According to the tackle, the key is having “a good blend” of players that quietly lead by example and those who are more vocal.
“We have some people that are really rowdy, some people who are calm, cool,” Hopkins said. “Antone (Exum), Gayle, Kyle (Fuller)’s starting to get a little rowdy. (Detrick) Bonner, Kyshoen (Jarrett), those guys. It’s really about half. (Maddy) and I, Jack (Tyler), we’re in the zone, but we’re not real loud like that.”
A quiet demeanor isn’t the only thing that Hopkins and Maddy share. The defensive tackles have become like family thanks to their time on the line together.
“I’ve learned a lot from Derrick, he teaches me, he gives me some corrections because we’re somewhat similar in the way we play,” Maddy said. “He brings all the heat, he encourages me to compete every week and we make each other better. He’s a great, great guy.”
Hopkins insists that forming that kind of camaraderie on the defensive line is essential for the unit to play together effectively.
“You’ve got to have a relationship with the guy next to you, you have to have unity,” Hopkins said.
But while the unit as a whole played well last Thursday, it was Hopkins that truly stood out. With a big performance in a nationally televised game, NFL scouts surely took notice of Hopkins, but he’s not thinking about the next level quite yet.
“Not yet,” Hopkins said. “People are talking about it, but I’m trying to finish the year out strong, it’s my last year. My family and my chaplain are always talking about leaving a legacy, so I’m trying to leave a positive legacy when I leave.”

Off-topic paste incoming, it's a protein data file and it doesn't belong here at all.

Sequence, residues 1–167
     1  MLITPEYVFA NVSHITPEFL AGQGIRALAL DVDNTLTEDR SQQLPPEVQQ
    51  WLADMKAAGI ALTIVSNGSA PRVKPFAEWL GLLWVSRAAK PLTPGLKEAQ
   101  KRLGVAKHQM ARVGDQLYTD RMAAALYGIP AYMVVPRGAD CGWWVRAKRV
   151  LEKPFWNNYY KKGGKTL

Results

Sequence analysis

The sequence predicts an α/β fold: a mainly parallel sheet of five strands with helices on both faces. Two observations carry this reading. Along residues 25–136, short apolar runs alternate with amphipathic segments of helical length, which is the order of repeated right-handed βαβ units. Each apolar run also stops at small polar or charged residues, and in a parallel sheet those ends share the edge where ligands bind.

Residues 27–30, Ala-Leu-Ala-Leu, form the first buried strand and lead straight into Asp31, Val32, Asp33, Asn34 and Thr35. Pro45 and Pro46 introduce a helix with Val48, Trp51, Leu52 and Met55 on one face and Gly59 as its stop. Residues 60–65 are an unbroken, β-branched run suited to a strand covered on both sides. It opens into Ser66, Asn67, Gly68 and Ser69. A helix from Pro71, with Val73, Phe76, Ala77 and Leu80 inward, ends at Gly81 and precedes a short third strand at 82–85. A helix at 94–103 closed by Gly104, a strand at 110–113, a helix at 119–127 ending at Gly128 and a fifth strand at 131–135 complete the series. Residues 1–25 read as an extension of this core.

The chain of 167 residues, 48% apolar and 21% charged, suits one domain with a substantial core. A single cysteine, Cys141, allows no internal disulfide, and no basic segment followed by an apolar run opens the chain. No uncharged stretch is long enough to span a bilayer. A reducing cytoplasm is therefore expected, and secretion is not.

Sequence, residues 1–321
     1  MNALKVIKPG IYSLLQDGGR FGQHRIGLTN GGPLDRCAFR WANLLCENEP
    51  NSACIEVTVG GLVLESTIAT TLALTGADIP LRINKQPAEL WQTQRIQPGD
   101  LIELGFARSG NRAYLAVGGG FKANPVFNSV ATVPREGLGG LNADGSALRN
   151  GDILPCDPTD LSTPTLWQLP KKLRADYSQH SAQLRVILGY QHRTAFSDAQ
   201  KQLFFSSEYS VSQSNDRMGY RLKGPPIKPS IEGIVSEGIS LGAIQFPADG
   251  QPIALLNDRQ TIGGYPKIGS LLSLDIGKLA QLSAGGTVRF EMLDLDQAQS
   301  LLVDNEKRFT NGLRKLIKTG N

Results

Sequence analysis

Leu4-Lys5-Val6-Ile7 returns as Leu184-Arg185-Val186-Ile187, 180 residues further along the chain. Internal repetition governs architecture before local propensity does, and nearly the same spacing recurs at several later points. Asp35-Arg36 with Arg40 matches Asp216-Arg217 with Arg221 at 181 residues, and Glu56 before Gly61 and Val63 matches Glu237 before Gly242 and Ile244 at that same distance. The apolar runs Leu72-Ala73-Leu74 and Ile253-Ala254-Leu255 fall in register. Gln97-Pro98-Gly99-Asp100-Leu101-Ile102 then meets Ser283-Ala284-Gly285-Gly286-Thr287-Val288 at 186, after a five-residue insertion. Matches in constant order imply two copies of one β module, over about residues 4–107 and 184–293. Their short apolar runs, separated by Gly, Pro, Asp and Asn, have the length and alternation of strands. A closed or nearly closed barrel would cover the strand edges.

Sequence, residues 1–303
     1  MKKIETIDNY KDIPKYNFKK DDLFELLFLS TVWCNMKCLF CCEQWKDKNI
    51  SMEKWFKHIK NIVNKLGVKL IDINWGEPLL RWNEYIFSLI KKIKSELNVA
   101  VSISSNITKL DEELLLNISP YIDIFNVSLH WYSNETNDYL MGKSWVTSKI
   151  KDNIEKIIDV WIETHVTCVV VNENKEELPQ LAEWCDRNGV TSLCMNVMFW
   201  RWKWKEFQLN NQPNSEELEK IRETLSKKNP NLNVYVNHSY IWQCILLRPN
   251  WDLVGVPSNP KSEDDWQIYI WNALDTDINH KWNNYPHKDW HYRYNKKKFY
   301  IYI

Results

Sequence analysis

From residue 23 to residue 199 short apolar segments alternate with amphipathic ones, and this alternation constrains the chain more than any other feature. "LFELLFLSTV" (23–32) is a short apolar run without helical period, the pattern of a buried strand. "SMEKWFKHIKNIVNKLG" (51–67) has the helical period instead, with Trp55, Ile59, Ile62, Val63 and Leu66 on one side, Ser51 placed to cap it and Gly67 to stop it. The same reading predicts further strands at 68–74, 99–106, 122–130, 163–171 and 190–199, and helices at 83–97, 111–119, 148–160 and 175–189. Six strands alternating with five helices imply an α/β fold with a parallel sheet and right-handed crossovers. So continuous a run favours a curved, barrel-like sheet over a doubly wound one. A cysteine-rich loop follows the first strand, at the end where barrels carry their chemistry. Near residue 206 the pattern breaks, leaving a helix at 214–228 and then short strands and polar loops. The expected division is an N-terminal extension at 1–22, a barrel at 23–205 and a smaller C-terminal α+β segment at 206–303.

In the meantime, he’s devoting his energy toward facing North Carolina this Saturday.
The Tar Heels thrashed the Hokies 48-34 last year, and the memory still stings for Hopkins.
“We got pounded,” Hopkins said. “(Former running back Giovani) Bernard just ran the ball on us. It’s extra motivation, we’ve just got to keep doing what we’ve been doing and working hard and trying to play consistently.”
The Heels were indeed particularly effective on the ground — the team ran for a total of 339 yards, with 267 coming from Bernard alone.
That’s a result Hopkins just isn’t used to.
“That was the first time somebody ran for more than 300 yards, for me at least,” Hopkins said. “It’s extra motivation a little bit, but we’re going to continue doing what we’ve been doing this year and improve on that to keep getting better.”
Yet, true to form, Hopkins doesn’t let last year’s result affect him too much. Instead, he just approaches it the same way he always does: with a level head.
“I could (take it personally), but I’m just trying to stay calm,” Hopkins said. “You could get mad and try to do too much and things like that, so I try to stay leveled off and go about it the right way.”